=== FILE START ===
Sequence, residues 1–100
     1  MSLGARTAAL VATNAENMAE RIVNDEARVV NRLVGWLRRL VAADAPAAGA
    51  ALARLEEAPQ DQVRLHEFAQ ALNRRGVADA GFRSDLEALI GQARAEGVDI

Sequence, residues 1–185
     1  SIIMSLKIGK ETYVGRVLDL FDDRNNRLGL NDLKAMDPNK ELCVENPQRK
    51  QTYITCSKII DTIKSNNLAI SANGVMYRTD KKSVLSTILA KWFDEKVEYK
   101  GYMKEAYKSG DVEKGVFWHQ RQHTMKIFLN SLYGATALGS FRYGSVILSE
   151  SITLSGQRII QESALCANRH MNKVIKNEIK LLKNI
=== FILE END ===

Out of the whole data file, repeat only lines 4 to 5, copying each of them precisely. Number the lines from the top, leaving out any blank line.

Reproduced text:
Sequence, residues 1–185
     1  SIIMSLKIGK ETYVGRVLDL FDDRNNRLGL NDLKAMDPNK ELCVENPQRK